I got a Le Creuset dutch oven over the holidays and since then I've used it five times; twice for no-knead bread. It's dead simple and delicious.

Despite it's simplicity, there were things I didn't do quite right the first time around, so I thought I'd try to do a better job this time, and document it while I was at it.

Probably I still have things not-quite-right (and I'll be happy to hear from you if you have suggested improvements), but perhaps these photos will be of interest to others.

If you're really interested, check out the full recipe from Jim Lahey on the New York Times website.

I generally prefer weights to volume measurements, because they're more precise and I'm lazy (and, ok, I don't have the best measuring cups). Based on a Twitter conversation with Neven Mrgan, I went with 440g flour/340g water. I also made a mess.

I doubled up on the yeast because it's cold in my kitchen. This is a lesson I learned making no-knead pizza dough, also from a Jim Lahey recipe. He's the king of no-knead.

Did I mention it was like 11 p.m.? Sorry some of these pictures are dark. Here's the dry ingredients mixed together:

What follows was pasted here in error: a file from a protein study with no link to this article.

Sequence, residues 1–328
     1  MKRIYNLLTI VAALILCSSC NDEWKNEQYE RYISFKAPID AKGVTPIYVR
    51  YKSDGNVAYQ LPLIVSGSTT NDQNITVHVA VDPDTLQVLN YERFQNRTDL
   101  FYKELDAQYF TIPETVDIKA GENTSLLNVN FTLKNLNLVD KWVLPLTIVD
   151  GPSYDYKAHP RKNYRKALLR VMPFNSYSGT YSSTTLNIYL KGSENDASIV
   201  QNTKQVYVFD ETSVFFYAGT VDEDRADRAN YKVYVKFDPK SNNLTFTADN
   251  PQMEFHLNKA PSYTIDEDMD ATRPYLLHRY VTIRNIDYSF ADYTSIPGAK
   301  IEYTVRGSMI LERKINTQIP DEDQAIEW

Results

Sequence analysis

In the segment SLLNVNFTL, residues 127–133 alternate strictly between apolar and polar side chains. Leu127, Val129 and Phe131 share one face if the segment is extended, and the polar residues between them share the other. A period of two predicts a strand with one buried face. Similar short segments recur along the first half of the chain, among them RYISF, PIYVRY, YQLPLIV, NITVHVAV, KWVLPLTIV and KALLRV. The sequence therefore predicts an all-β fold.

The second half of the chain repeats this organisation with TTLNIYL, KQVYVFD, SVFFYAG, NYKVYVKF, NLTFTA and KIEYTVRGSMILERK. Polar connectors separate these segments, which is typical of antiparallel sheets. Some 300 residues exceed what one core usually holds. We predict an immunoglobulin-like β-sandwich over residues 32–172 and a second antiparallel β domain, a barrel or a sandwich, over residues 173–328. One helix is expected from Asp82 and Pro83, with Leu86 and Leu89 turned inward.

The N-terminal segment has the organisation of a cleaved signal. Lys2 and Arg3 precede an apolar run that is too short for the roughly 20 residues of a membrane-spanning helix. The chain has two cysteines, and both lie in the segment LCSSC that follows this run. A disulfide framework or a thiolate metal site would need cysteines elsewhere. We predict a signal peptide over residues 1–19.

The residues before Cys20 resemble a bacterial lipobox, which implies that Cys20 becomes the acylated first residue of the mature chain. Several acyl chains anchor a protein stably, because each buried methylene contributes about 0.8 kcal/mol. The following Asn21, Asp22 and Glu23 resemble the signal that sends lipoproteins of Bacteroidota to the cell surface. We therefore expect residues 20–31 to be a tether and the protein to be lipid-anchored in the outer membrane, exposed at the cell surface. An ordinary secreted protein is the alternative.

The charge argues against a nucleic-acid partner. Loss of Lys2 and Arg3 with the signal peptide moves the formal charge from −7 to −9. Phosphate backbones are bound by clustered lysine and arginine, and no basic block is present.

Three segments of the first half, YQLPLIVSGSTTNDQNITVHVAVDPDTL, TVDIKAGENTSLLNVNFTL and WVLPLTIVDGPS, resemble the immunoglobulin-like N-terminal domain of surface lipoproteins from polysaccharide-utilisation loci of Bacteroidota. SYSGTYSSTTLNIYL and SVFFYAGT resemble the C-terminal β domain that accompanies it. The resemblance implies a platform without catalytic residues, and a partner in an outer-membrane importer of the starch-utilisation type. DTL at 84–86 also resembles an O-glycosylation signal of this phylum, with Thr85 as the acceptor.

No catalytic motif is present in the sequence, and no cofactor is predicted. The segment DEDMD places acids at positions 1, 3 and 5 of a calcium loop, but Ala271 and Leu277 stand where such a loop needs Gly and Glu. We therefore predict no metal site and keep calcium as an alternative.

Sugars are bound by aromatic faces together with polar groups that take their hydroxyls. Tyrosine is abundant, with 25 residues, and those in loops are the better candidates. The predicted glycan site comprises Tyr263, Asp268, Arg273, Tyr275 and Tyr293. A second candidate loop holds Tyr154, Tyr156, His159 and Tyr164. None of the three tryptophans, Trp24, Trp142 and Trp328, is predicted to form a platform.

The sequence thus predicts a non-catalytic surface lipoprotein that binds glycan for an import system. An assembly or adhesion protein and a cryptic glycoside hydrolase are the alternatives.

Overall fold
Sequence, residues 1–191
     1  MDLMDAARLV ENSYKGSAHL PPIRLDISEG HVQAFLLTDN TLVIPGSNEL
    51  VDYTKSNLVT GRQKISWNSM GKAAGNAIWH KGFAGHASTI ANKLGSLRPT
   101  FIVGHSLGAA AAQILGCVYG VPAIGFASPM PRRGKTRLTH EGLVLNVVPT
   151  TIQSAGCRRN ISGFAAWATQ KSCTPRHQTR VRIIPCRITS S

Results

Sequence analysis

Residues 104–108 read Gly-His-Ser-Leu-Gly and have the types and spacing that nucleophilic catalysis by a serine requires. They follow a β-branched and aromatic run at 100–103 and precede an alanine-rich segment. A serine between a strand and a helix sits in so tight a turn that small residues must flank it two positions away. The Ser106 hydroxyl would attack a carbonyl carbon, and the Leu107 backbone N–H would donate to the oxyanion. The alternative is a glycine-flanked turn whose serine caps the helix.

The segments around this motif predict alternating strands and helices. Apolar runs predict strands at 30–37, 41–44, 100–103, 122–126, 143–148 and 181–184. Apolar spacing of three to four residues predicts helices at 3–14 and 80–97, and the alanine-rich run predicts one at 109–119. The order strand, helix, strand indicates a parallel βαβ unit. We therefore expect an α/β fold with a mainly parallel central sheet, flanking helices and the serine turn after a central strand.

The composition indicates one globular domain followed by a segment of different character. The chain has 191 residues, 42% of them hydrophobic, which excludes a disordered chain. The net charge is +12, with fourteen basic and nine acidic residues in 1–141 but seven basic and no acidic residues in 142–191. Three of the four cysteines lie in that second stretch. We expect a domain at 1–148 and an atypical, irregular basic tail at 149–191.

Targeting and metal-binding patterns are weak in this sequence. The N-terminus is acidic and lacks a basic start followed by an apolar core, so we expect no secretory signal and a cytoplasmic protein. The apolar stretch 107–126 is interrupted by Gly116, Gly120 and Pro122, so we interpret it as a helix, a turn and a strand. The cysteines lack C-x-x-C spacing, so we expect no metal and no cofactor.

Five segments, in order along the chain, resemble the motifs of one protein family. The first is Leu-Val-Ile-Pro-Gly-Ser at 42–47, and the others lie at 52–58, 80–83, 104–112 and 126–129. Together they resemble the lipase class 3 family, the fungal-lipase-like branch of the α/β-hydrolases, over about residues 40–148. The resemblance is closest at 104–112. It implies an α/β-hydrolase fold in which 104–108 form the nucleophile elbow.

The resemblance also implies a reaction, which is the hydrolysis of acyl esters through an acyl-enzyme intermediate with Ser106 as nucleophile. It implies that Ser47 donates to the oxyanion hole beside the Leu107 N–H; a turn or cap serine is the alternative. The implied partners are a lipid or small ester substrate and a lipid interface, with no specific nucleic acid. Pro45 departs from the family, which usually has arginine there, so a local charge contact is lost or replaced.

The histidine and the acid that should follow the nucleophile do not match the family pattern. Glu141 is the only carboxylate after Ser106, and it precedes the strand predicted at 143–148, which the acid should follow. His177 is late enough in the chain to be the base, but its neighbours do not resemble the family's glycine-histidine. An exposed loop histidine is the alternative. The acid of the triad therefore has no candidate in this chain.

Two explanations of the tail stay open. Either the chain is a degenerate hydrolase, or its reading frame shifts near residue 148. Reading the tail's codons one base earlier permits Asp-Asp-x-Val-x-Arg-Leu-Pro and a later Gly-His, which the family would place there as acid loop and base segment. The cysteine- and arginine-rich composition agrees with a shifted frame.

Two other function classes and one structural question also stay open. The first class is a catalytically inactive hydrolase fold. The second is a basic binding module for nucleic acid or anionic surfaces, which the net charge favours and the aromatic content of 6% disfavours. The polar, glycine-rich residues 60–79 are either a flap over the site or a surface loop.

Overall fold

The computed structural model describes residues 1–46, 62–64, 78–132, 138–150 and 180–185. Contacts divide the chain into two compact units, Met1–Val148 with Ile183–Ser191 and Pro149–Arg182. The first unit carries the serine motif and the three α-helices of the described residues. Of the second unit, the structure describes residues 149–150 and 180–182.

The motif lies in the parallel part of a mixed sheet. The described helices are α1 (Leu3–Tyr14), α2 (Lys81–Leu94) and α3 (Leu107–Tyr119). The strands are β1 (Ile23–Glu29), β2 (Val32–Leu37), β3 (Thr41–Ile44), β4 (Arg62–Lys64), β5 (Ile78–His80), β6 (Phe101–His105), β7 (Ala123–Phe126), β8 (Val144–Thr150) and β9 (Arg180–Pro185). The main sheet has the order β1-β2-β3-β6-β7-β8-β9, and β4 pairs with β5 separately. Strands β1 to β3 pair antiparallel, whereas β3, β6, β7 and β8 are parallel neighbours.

Once the water's mixed in, you've done almost all of the work this recipe requires of you.

Then I set it aside until I got home from work the next day, roughly 19 hours later. Check out all the bubbles on the top:

My first attempt (and the aforementioned pizza dough mishap) wasn't quite this pockmarked. The dough was sticky and stringy coming out of the bowl, just like in the video with the New York Times article.

In my eagerness the first time around, I actually missed this step, letting it sit, covered for 15 minutes after dishing it out and folding up the corners. Then, into a ball and onto a towel:

I used corn meal this time. In the video, Lahey used wheat bran, but I didn't see any at the store. Last time I just used flour and it was just fine. After two hours:

Hard to tell in the photo, but that is about twice as big. Before it was done rising, put the Le Creuset in the oven and preheated it to 450 degrees. (In the video, Lahey says 500, but the knob on my dutch oven lid is only rated for 480. Fortunately, the actual recipe from NYT gives directions for 450.)

Plop. Cover. Into the oven. (That sucker's hot!)

Already fragrant and pretty after the first 30. Cover comes off for another 15-30 (I did 15, but I probably could have let it go a little longer).

The end result.

Hot out of the oven it made popping/crackling noises, which you should be able to hear on this video.

See the full set of photos on Flickr.